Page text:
Monday, February 15, 2016

Terrain Without Pain

In Second Life, there is land.  Virtual land, and it is only one-sided...there's no volume to it, so although you can raise or lower the land surface with the land editing tools, you cannot dig a mine or a tunnel or a cave.

But today's post isn't about that.  I want to talk about the land's texture...the appearance of sand or grass or rock or snow.

The Second Life server software allows you to specify up to four surface textures for a region's land.  But you can only do this if you own your own private region.  On the Mainland, Linden Lab specifies the ground textures, and you can't change them.  Some private estates, like Desmond Shang's Caledon, even change the ground textures along with the seasons!

The height of the terrain determines which of the four ground textures will appear on the land.  So, for example, you might have a sand texture from 20m below sea level to about 5m above sea level, then a grass texture from 5m to 15m, a rock texture from 15 to 30m, and a snowy texture above 30m.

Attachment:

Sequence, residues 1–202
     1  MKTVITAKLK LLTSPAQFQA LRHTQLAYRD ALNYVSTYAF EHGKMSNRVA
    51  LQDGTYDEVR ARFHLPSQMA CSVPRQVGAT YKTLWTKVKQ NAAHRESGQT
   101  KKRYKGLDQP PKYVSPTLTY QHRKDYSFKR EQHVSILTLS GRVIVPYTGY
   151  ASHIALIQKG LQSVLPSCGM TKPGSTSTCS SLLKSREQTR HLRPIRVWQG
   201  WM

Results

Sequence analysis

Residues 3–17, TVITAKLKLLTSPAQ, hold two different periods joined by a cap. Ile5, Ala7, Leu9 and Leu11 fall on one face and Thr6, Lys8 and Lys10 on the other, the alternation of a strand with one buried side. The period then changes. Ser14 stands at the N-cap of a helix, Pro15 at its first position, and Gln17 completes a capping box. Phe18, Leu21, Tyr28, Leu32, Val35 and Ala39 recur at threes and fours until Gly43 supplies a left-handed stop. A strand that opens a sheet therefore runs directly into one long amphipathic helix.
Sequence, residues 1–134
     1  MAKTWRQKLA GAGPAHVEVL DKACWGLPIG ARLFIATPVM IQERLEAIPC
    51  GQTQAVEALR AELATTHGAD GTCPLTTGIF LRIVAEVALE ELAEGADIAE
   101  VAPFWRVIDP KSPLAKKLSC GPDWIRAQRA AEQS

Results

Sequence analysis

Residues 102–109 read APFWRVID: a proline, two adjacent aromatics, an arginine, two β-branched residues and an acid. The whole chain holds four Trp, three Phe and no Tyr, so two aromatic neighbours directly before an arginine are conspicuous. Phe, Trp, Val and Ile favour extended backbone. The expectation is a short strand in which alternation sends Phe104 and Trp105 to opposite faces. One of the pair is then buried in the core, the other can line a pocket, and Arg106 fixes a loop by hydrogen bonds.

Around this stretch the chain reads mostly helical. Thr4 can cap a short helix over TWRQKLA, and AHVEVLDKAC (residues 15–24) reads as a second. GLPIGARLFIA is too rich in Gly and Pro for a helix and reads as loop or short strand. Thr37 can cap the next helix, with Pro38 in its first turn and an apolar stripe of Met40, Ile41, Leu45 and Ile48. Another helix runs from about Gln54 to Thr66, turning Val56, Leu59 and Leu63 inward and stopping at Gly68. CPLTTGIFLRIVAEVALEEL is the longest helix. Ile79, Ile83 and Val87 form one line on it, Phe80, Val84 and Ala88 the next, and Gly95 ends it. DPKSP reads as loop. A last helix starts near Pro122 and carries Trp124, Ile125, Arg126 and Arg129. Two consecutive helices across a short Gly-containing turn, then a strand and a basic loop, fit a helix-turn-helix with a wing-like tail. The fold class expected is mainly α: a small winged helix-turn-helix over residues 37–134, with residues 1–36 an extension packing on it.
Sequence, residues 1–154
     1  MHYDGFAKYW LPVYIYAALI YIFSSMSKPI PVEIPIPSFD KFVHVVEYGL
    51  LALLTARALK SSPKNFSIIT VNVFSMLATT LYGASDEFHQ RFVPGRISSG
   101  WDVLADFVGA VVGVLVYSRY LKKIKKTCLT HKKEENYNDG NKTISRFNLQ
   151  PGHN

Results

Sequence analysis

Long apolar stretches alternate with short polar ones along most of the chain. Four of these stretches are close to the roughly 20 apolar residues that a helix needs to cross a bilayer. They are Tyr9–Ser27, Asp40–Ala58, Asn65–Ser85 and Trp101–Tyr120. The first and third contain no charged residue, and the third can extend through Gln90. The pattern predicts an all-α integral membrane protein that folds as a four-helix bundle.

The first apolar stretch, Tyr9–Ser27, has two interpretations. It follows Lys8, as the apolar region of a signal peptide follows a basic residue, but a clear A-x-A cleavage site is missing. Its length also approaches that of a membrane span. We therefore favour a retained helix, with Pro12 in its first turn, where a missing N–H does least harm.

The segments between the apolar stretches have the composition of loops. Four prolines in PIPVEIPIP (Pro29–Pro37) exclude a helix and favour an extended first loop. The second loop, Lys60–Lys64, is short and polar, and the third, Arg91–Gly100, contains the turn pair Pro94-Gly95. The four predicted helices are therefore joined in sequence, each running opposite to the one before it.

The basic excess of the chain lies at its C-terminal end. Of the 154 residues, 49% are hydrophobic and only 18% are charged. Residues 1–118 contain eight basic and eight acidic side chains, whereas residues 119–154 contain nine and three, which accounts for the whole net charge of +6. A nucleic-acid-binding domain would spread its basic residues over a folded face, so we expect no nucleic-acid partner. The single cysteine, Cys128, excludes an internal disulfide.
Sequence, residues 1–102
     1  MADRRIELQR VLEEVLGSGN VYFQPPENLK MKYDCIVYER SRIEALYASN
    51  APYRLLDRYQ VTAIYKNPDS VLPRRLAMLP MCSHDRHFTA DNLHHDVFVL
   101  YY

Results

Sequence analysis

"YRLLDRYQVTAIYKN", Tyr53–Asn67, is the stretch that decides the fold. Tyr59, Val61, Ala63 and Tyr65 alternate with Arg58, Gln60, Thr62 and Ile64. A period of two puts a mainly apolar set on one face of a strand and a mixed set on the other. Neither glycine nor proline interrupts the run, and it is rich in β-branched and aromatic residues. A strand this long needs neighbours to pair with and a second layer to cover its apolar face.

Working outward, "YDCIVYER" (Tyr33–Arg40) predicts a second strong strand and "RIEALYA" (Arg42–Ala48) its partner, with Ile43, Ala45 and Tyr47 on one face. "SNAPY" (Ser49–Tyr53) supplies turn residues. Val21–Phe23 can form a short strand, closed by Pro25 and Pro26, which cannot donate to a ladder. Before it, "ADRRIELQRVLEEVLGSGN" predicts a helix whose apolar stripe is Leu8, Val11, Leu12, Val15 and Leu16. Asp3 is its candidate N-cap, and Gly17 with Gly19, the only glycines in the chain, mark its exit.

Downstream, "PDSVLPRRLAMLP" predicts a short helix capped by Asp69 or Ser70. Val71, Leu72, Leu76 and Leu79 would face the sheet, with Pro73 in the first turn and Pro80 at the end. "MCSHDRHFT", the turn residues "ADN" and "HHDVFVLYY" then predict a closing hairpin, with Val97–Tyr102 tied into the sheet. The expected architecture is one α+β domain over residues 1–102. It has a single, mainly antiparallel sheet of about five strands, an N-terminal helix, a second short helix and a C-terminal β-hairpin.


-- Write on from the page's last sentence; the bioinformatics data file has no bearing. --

These heights are not exact.  There's a random variation that's applied, to keep the dividing line between the textures from looking unnatural.  This is usually a good thing, but it can be a pain when you want to have a grassy lawn start at a particular point at the back side of your beach.  Moreover, because it's random, you may notice that the texture transition point changes on you from one visit to the next.